Secretary of State for Defence Philip Hammond has restated the need for reform in Defence in a speech at the Royal United Services Institute.Secretary of State for Defence Philip Hammond has restated the need for reform in Defence in a speech at the Royal United Services Institute.
Speaking this morning, 8 December 2011, Mr Hammond began by saying that the Strategic Defence and Security Review (SDSR) was ‘long overdue, and undeniably necessary’.
He said it has been a year of transition in Defence, as the difficult process of making the SDSR a reality begins:
Meanwhile, in the midst of all this change, we must never forget that, since the publication of the SDSR, around 30,000 members of our Armed Forces, including many from the Reserves, have risked their lives for this country on operations in Afghanistan and in Libya.
And today, I want to focus on the success our Armed Forces have achieved this year - protecting our national security by projecting military power far beyond our shores.
On Afghanistan, the Defence Secretary said that the process of the transition of lead security responsibility to the Afghan Government is on track, and set to complete by the end of 2014:
President Karzai recently announced the second tranche of transition so the Afghans are now formally taking on responsibility for provision of security to over half the Afghan population.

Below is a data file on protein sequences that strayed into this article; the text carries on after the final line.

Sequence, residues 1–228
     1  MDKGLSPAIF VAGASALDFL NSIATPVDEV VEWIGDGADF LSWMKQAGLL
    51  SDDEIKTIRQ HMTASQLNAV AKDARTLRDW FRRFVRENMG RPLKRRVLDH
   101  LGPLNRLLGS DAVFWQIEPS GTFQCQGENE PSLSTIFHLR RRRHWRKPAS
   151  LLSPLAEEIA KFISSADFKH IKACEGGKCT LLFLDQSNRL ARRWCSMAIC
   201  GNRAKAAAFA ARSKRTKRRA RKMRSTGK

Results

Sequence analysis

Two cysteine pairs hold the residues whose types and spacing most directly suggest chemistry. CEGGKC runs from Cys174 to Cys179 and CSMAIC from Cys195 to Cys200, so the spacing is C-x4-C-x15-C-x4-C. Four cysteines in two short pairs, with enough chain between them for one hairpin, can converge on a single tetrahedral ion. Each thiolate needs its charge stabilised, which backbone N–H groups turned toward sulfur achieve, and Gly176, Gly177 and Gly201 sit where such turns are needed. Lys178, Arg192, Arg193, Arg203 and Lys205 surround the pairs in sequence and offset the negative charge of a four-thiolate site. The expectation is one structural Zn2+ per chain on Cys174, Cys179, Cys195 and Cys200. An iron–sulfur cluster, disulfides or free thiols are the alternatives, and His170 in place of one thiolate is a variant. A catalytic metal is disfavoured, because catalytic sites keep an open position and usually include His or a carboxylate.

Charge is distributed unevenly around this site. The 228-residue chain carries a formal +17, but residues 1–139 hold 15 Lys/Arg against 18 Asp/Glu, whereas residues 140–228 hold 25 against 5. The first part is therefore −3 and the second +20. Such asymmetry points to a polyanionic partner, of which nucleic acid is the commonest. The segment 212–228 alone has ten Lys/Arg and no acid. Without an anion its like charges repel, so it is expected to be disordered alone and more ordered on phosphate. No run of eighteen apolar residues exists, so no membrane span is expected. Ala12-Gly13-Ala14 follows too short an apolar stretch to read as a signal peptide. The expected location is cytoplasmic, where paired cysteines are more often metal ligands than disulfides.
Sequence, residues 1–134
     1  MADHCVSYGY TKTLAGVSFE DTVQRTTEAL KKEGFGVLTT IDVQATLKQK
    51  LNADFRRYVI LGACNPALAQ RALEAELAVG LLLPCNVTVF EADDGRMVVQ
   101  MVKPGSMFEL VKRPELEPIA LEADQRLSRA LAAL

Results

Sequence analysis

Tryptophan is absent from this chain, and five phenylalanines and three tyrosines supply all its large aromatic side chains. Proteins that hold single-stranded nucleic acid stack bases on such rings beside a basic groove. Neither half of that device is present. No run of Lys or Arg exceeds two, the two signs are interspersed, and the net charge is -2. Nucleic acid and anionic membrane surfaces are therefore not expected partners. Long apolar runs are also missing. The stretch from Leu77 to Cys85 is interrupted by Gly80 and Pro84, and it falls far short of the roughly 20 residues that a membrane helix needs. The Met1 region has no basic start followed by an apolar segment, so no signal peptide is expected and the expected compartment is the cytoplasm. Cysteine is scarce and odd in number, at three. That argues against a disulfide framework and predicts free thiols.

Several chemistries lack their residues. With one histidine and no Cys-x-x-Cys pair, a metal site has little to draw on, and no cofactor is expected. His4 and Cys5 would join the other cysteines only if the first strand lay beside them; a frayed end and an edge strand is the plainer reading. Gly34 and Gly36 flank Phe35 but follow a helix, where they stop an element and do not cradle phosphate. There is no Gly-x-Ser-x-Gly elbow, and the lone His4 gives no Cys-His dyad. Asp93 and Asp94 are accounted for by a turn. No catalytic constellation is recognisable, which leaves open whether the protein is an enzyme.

This includes Nad ‘Ali in Helmand - a place which, as the Chief of the Defence Staff reflected recently, was effectively a no-go area when he was Commander of ISAF [the International Security Assistance Force]. This represents very significant progress.
He added that we should, however, be clear that Afghanistan will need continued support, albeit not combat support, for many years after 2014 and that the successful conclusion of the combat mission in Afghanistan was his first priority, and the first priority for the Ministry of Defence.
On operations over Libya, Mr Hammond said that much scepticism had been expressed about our ability to do anything else simultaneously, but that Libya had proved this wrong:
This year, our Armed Forces have shown that - even with the enduring campaign in Afghanistan - they have the capability and the capacity to respond when the national interest requires,” he said.
Significantly, he announced that the final estimate of the net additional cost of operations in Libya is £212m - made up of £145m of operating costs, plus a further £67m on replenishing munitions:
This is almost a third lower than the estimate my predecessor provided to Parliament in October - this is due to the speed with which operations were concluded and a reassessment of the cost of replenishing munitions used; a successful outcome in every respect.
Moving on from Libya to the need for reform in Defence, Mr Hammond said that the adaptable posture set in place by the SDSR is an effective answer to the volatile nature of the current international security environment:
It may not have mentioned Libya by name, but the National Security Strategy placed an international crisis, drawing in the UK and its allies, in the top tier of risks over the next five years,” the Defence Secretary said.